= Q =
quux /kwuhks/ n.
[Mythically, from the Latin
semi-deponent verb quuxo, quuxare, quuxandum iri; noun form
variously `quux' (plural `quuces', anglicized to `quuxes')
and `quuxu' (genitive plural is `quuxuum', for four u-letters
out of seven in all, using up all the `u' letters in Scrabble).]
1. Originally, a metasyntactic variable like foo and
foobar. Invented by Guy Steele for precisely this purpose
when he was young and naive and not yet interacting with the real
computing community. Many people invent such words; this one seems
simply to have been lucky enough to have spread a little. In an
eloquent display of poetic justice, it has returned to the
originator in the form of a nickname. 2. interj. See foo;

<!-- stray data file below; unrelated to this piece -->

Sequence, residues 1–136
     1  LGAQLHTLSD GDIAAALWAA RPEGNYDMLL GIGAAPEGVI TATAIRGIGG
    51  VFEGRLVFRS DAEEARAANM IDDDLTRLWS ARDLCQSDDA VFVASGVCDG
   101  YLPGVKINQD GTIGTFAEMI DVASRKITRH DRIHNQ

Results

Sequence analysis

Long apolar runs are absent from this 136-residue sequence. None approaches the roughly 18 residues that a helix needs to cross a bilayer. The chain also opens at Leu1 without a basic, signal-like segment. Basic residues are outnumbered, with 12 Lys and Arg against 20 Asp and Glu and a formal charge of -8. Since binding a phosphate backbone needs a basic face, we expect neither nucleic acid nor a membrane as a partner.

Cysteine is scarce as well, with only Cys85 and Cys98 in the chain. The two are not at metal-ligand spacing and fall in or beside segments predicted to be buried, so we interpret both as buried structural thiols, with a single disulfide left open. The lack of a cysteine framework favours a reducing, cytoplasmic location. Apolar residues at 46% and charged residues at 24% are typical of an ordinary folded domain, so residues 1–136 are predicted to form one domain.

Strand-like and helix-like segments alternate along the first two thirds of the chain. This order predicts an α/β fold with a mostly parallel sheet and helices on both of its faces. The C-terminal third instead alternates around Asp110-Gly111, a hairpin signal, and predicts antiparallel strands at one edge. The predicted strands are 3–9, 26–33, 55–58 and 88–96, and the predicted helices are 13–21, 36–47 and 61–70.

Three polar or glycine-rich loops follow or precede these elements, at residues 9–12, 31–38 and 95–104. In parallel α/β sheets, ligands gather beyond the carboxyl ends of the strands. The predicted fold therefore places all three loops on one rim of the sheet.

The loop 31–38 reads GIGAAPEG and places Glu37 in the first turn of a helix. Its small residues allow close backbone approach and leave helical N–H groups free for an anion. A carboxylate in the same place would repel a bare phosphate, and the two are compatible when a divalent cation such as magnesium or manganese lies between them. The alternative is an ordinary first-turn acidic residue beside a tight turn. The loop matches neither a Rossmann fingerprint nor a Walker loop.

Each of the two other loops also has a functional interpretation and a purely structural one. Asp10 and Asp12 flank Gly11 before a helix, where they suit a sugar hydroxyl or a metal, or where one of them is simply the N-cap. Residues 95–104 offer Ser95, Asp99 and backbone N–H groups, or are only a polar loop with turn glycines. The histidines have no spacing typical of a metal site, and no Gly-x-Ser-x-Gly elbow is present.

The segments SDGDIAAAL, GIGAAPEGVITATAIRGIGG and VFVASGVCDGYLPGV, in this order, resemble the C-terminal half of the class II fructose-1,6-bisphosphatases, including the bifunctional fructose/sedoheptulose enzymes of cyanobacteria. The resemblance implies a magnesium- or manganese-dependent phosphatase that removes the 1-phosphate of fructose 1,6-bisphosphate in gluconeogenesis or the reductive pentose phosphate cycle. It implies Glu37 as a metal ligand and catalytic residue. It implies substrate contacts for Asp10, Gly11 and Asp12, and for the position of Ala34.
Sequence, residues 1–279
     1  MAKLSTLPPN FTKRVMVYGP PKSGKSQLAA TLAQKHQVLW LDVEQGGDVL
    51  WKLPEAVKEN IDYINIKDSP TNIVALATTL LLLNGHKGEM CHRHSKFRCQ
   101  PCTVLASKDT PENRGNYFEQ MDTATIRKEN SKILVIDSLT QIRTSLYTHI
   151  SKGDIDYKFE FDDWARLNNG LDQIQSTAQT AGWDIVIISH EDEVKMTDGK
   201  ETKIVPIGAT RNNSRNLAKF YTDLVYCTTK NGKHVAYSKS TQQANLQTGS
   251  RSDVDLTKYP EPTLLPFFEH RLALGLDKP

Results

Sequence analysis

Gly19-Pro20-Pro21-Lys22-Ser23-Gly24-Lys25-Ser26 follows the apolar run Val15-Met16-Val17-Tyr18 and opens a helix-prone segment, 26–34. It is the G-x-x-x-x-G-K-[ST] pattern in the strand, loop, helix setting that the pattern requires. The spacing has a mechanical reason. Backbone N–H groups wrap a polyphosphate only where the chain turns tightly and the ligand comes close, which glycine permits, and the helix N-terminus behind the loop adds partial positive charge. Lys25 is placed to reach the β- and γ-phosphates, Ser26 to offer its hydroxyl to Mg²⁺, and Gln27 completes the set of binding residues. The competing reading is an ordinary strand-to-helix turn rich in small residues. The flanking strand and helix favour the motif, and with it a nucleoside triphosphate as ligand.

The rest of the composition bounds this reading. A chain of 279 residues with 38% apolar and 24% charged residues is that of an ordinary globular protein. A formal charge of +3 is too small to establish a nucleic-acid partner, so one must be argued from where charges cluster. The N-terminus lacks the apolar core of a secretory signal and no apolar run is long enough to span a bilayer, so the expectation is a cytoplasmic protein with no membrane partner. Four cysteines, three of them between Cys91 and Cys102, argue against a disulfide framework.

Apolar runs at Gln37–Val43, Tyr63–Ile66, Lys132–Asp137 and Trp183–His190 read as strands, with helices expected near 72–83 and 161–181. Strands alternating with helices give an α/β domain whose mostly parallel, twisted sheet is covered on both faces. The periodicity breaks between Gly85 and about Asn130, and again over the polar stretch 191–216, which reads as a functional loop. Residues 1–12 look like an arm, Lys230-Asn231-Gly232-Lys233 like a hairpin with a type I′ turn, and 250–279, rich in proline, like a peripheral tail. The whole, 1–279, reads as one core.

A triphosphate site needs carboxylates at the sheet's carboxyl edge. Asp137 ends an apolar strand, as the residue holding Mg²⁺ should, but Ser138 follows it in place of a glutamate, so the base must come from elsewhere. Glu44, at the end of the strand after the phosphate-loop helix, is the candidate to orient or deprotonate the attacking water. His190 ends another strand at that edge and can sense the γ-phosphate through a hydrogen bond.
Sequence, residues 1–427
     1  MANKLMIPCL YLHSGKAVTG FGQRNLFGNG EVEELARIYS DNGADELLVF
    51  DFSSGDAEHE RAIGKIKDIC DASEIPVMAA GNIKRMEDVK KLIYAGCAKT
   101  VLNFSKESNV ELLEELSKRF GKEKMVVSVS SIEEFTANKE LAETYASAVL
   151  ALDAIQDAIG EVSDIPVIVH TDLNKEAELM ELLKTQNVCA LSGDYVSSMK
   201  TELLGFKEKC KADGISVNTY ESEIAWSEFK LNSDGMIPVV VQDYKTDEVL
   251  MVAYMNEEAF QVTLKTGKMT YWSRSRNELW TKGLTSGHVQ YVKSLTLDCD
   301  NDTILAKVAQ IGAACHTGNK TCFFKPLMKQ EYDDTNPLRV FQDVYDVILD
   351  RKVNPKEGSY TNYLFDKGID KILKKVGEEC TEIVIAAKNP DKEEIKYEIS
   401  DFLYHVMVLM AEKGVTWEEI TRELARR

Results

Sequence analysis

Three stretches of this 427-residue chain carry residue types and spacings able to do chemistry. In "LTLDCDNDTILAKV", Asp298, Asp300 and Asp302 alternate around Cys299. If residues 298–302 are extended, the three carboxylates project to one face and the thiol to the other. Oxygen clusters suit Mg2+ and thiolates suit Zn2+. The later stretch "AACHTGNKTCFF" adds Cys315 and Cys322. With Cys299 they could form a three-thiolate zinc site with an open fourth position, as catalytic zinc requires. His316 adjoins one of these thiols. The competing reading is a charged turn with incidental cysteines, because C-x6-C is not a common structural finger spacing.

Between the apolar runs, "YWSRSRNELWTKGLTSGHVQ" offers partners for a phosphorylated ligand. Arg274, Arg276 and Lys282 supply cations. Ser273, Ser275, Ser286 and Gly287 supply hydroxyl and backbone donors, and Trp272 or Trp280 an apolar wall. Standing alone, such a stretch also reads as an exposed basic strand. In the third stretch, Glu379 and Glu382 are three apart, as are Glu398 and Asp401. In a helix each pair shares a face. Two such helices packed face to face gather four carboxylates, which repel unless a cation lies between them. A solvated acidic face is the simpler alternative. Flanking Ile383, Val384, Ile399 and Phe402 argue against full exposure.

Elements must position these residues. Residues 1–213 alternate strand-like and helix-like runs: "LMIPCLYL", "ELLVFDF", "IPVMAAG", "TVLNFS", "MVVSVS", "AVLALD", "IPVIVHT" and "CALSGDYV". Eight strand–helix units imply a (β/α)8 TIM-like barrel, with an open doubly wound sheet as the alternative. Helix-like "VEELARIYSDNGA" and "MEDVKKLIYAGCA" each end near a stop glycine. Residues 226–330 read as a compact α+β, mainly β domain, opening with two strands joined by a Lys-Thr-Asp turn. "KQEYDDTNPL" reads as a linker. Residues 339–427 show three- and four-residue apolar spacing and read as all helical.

however, denotes very little disgust, and is uttered mostly for the
sake of the sound of it. 3. Guy Steele in his persona as `The
Great Quux', which is somewhat infamous for light verse and for the
`Crunchly' cartoons. 4. In some circles, used as a punning
opposite of `crux'. "Ah, that's the quux of the matter!"
implies that the point is not crucial (compare tip of the ice-cube). 5. quuxy: adj. Of or pertaining to a quux.
--The Jargon File version 4.3.1, ed. ESR, autonoded by rescdsk.